1990s >> 1995 >> no-1093-september-1995

Prozac Logic

There’s an old aphorism which says that a pessimist is just a well informed optimist. According to Dr James Goodwin, the so-called “Pied Piper of Prozac”, however, a pessimist is a chemically deficient optimist!

Dr Goodwin, a psychologist in Washington state in America, claims that the anti-depressant Prozac has beneficial effects for virtually anyone who takes it, because everyone is a little depressed without realising it. He attributes this melancholy tendency to a chemical imbalance in the brain, a lack of “joy juice” if you will, and argues that everyone should be entitled to have their balance restored.

There are of course many who hold views opposed to those of Dr Goodwin, and critics have accused him of serious misconduct, ranging from incompetence to drug-pushing. Psychiatrist Dr Peter Breggin went as far as arguing against the prescribing of anti-depressants on moral grounds; he wants to see suffering remain as an acceptable and necessary fact of life, pointing out that some degree of angst and insecurity is necessary to the human condition, and is very much part of what we are.

But surely there is a much more fundamental point to be recognised when discussing whether, and if so why, people arc unnecessarily negative or unhappy. Dr Goodwin’s theory presupposes that we live in an ideal world where everyone should be happy and contented, and therefore the question is, why aren’t they? This is like asking why there is hunger in a world with the potential for abundance; the simplistic answer is there must be an imbalance between supply and demand, so let’s grow more food. Alas, anyone with a rudimentary knowledge of capitalist economics is aware that food is not produced to be eaten, but instead to be exchanged for money with a view to realising a profit; if you don’t have the lolly, you don’t get the bread. So it is with Dr Goodwin’s “Prozac logic”. Problems in the emotional department? There must be a chemical imbalance, therefore add more “joy juice”. However, as anyone who has worked in the psychiatric field knows, the hunger for happiness often can only be satiated if you can “buy” the joy with satisfaction.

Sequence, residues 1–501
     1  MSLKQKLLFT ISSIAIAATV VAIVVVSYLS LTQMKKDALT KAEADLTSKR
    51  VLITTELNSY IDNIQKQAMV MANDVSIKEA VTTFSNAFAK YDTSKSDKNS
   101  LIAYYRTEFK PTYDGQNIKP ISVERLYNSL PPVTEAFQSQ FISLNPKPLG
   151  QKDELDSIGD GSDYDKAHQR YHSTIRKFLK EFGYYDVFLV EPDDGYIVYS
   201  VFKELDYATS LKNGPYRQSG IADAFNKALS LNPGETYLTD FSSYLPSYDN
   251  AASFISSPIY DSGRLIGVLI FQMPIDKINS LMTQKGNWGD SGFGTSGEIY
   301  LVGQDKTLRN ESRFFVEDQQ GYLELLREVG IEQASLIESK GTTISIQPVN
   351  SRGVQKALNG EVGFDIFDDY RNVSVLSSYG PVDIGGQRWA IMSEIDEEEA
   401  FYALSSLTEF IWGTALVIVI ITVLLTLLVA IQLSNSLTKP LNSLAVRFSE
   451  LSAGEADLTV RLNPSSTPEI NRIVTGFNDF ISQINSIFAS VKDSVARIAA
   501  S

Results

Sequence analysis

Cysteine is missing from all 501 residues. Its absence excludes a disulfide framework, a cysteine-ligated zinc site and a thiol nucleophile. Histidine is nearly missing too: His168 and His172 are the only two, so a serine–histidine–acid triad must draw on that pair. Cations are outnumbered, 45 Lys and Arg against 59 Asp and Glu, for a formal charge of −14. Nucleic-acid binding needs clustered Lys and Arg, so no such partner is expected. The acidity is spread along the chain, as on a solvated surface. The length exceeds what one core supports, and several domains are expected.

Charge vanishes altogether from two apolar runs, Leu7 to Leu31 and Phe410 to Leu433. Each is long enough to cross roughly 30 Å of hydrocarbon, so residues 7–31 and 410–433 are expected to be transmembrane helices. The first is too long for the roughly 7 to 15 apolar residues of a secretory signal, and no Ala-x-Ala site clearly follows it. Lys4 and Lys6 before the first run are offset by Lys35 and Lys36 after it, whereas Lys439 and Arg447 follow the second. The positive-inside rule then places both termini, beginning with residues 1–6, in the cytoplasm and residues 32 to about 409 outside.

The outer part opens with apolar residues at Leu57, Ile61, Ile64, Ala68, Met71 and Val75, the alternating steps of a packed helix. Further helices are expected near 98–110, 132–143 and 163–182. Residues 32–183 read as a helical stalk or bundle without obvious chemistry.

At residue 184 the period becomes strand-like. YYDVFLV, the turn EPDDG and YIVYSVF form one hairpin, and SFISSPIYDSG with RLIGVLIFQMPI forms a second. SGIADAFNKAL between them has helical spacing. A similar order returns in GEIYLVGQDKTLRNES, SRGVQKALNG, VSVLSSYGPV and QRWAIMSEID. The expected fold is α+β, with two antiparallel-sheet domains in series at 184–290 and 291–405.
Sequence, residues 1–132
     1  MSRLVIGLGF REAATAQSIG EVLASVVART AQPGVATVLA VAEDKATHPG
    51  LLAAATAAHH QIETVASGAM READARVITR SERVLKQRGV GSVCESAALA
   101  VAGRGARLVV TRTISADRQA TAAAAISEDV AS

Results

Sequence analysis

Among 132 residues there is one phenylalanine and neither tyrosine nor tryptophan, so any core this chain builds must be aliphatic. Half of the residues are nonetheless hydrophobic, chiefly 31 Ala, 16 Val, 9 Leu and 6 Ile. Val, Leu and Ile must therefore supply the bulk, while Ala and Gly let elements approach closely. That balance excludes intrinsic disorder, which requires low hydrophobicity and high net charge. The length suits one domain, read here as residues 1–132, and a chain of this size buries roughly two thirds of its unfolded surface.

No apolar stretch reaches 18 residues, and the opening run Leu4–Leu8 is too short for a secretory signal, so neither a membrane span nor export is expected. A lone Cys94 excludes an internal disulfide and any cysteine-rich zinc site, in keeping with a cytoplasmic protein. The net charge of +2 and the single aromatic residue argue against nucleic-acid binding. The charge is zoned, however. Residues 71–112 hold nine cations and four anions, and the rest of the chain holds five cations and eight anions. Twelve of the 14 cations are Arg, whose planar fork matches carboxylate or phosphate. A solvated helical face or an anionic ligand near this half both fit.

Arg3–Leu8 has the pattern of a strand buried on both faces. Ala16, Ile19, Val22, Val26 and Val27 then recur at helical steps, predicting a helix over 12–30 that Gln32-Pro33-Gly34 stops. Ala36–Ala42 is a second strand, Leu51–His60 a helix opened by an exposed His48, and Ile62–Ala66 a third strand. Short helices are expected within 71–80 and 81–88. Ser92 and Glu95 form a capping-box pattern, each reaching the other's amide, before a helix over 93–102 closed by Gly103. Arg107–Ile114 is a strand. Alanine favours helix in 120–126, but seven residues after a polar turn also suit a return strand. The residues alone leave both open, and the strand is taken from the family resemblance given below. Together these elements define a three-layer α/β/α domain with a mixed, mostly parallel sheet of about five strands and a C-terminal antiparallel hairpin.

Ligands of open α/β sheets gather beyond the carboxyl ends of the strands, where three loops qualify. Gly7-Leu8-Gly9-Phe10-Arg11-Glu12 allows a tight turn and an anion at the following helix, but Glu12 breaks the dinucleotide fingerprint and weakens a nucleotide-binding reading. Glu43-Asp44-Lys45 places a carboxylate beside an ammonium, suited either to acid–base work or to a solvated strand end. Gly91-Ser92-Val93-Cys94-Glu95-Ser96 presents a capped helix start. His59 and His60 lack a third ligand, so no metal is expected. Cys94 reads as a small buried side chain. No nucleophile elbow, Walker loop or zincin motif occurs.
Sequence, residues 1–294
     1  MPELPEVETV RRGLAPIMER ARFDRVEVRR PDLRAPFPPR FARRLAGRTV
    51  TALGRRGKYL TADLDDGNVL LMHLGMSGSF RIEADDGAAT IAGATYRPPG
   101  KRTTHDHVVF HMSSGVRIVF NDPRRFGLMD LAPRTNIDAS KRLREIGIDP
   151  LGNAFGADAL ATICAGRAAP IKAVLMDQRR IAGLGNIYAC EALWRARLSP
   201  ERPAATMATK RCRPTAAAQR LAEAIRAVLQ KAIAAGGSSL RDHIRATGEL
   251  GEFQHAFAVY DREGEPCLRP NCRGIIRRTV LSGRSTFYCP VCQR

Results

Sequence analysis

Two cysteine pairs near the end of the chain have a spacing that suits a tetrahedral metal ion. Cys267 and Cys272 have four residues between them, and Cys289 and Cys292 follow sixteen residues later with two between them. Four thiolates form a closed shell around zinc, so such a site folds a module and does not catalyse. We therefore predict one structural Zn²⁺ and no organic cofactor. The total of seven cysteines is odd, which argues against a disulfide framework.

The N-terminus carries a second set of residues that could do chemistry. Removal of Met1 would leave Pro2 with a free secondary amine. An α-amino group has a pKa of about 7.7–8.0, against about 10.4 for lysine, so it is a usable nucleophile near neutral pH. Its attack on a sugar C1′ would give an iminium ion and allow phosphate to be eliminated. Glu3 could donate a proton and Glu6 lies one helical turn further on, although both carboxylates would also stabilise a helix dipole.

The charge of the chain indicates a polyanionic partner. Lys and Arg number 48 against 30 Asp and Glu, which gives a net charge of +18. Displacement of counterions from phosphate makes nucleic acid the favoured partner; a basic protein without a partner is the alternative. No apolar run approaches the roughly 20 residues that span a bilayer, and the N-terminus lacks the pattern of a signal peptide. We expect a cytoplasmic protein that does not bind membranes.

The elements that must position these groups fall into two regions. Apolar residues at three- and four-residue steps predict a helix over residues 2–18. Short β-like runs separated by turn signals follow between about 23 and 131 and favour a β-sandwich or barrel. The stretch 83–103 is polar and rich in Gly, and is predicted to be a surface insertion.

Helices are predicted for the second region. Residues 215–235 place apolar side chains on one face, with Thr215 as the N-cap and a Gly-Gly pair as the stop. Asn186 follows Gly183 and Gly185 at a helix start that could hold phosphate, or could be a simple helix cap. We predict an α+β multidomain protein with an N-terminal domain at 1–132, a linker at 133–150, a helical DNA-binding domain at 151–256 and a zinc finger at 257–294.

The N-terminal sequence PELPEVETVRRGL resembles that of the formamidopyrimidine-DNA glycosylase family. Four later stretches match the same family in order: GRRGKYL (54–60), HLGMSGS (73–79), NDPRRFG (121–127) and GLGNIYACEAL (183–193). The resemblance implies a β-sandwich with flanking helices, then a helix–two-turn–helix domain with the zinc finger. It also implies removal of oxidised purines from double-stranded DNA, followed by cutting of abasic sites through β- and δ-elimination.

It can be argued that for most of us, life is a tedious existence consisting of days spent doing an often mundane, uninspiring job week in, week out, punctuated by brief spells of recreation, socialising and occasionally a holiday. Even those workers who produce useful or essential goods and services are alienated from any fulfilment because of the negative nature of the employment relationship. Work is generally regarded as a necessary evil into which we are coerced by the need to earn a “living”, and all the concomitant imperatives associated with employment—such as time-keeping, paying taxes, fear of unemployment, etc.—prevent the majority of us from enjoying the positive aspects of work and its relationships. As George Orwell wrote in The Road to Wigan Pier: “A thousand influences constantly press a working man into a passive role. He does not act, he is acted upon.”